SSP PhD uses computational analysis to understand expansive oral history archives

Christopher Burns MIT Security Studies Program

Aidan Milliff

Milliff marries two methods of analyzing the content of oral history interviews: the human mind and, in true MIT fashion, computational analysis.

Two families are affected by extreme violence in their home city. One family chooses to flee, leaving their life behind for another land. Another, facing the same violence, chooses to stay put.

What explains the starkly different decisions people make when faced with similar circumstances during violence?

Over the course of his career as an MIT PhD student, SSP’s Aidan Milliff has devoted his research to uncovering the reasons behind these decisions. Specifically, Milliff draws out objective findings from some of the most deeply subjective sources: Oral history interviews with those who have faced violence.

Milliff marries two methods of analyzing the content of oral history interviews: the human mind and, in true MIT fashion, computational analysis.

His dissertation focuses on this kind of two-track analysis of oral history interviews. His focus is on interviews granted by Sikh people who were confronted with sectarian violence in India in the 1980s. For this work, Milliff was named a USIP Peace Scholar Fellow for 2021-2022. The award grants him resources to continue working on his dissertation project.

To produce a detailed analysis of, in this case, over 500 hours of interviews, Milliff reads the content himself, and gets a little help from a computer. Manually, he reads the full range of interviews, and codes particular sections that are relevant to his research.

He also designed a system of computational analysis that reads and codes the interviews itself.

Such a practice achieves two different goals. The computational analysis acts as a “check” on the subjective nature of oral history interviews, for one.

“The computational tools provide a way to show people that what you found is credible and consistent,” Milliff said during an interview.

“When you are analyzing your interviews qualitatively, I think it is easy to subconsciously put more weight on some interviews and less on others. There are some [interview subjects] you just click with better than with others. And those interviews, the ones where you felt like you were developing a connection, they might seem like they were really revelatory, or you know, provided a lot of novel ideas,” Milliff said.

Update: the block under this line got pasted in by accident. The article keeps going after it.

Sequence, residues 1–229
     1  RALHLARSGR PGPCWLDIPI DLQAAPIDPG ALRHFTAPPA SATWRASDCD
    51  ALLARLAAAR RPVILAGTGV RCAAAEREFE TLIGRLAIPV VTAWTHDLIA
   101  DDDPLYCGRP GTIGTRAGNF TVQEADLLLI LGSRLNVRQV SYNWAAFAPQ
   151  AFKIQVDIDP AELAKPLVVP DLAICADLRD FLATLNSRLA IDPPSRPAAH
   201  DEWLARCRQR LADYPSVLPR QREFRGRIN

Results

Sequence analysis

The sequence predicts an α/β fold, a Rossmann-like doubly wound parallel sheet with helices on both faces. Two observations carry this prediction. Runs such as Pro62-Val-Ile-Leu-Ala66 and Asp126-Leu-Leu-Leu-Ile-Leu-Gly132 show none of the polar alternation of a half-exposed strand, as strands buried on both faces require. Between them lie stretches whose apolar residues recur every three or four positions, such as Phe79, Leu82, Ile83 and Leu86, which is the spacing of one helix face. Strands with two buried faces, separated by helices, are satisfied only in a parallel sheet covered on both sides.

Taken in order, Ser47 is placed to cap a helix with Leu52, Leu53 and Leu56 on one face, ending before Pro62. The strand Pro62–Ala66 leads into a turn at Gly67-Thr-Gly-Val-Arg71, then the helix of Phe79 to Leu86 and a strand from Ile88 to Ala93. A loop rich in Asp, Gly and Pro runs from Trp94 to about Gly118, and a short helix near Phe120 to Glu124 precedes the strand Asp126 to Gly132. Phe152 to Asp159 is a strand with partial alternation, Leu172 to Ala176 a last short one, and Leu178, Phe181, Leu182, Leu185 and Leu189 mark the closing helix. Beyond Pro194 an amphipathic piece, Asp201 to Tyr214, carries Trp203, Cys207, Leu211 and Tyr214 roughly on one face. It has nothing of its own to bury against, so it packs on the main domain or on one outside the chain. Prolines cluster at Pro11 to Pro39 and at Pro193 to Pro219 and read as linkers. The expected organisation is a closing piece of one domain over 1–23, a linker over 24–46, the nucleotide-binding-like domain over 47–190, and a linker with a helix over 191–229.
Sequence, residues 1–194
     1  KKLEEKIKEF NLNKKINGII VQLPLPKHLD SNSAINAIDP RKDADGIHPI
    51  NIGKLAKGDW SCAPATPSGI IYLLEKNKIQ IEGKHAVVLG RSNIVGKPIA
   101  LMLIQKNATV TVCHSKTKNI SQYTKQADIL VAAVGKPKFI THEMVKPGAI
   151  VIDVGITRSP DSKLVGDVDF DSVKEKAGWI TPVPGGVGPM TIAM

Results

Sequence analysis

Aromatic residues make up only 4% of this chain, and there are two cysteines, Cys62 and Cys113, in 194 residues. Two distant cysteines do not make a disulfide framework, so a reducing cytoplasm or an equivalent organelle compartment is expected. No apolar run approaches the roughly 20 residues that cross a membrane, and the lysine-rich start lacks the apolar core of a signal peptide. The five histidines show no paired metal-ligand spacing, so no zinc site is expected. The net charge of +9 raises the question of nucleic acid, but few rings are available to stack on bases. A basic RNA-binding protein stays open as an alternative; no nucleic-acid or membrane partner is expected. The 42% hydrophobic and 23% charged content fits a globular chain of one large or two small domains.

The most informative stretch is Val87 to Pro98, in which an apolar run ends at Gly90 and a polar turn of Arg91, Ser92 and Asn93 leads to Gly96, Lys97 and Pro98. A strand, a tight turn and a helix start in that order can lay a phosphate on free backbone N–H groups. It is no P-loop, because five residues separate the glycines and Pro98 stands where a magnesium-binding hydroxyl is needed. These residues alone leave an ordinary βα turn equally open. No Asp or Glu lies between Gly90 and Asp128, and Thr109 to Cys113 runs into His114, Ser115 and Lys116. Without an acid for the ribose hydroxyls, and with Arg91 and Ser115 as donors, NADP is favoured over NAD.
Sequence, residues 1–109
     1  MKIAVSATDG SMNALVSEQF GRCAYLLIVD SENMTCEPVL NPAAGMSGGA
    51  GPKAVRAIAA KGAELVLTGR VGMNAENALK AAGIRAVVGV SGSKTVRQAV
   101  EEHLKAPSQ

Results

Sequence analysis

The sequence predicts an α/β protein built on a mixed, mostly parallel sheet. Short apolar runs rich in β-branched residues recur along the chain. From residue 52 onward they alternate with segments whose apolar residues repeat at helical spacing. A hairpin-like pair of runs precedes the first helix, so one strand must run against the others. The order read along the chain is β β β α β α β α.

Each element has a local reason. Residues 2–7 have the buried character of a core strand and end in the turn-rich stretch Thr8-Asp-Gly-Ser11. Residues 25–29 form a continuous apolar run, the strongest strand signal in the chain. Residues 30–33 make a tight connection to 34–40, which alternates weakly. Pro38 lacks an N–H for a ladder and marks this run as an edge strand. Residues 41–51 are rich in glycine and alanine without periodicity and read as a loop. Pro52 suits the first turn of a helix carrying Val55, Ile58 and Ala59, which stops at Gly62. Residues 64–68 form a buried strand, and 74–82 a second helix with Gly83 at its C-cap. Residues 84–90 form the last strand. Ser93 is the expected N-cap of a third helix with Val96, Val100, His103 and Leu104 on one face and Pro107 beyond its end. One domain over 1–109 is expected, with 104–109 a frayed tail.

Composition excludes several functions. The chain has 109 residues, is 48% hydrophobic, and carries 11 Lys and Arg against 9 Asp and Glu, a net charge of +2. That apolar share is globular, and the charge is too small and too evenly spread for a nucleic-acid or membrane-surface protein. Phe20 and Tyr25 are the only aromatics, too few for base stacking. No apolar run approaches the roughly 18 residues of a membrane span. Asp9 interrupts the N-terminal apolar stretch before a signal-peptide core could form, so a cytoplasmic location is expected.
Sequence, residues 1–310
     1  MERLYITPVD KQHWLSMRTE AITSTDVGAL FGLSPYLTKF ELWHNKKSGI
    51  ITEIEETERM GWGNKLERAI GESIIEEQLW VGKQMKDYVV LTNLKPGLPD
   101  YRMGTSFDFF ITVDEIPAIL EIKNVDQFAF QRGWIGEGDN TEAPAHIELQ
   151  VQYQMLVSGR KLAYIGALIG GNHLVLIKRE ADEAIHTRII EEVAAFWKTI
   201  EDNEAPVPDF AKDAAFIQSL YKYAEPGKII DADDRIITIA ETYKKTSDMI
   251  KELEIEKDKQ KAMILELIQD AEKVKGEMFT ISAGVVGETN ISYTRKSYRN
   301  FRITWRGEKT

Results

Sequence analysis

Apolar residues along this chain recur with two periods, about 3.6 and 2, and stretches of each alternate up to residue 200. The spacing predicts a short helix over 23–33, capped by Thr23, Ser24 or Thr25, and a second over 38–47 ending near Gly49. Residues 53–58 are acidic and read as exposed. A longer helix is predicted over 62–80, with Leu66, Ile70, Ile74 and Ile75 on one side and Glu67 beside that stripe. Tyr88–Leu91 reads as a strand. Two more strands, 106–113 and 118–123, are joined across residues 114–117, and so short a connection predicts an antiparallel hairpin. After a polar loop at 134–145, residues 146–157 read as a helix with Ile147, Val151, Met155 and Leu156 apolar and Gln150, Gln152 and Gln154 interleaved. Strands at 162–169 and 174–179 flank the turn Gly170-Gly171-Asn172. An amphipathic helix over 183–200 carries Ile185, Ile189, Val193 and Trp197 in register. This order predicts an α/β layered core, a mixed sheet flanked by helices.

Computational analysis allows a researcher to double check their intuition in these situations, making sure one’s personal connections to certain subjects don’t cloud their manual coding of findings.

“I use computational tools to repeat my work,” he says. “And I present those [interpretations] side by side as different ways to see the patterns that I'm finding in those data.”

Additionally, Milliff hopes his research shows other scholars the potential associated with computational analysis of oral histories.

“There are oral history collections out there that I would love to analyze someday and they are just too big to read… So there, the computational tools would serve a new purpose. They could help you understand patterns [in oral histories] that you can't go all the way through by hand.”


Milliff has been interested in the political history of India since he was an undergraduate.

For this project, Milliff is analyzing oral history interviews which focus on Indian Sikhs who encountered violence via rural insurgences and urban massacres during the 1980s. The interviews were conducted by a civil society group in California that sought to preserve the human stories of internal violence in India in 1984.

Fundamentally, Milliff wants to understand: “What makes people flee their homes?”

“It's a very personal choice, but when people are doing it in large numbers, it has [widespread] political and economic consequences,” he said. “When people flee, they change the composition and the nature of the communities they're leaving by virtue of going away.”

The experience of violence Milliff is studying, known colloquially as the “1984 anti-Sikh riots,” occurred after the assassination of Indian prime minister Indira Gandhi by Sikh bodyguards. Widely understood as a pogrom, an organized massacre of a particular ethnic group, official estimates place the death toll at 3,000 people, but those estimates are widely debated.

After the violence, at least 20,000 Sikhs left their home cities.

The 1984 pogroms against Sikh Indians remains important in Indian political debates today, as well as in the United States and other areas of diaspora, Milliff says.

“It has a really enduring relevance for Indian politics, especially politics in north India,” he said. “It is also relevant in the US and Canada, and in the UK, because people who migrated after this violence are politically relevant immigrant communities in places like California, New Jersey, British Columbia, Ontario, and all over the UK.”

Originally posted at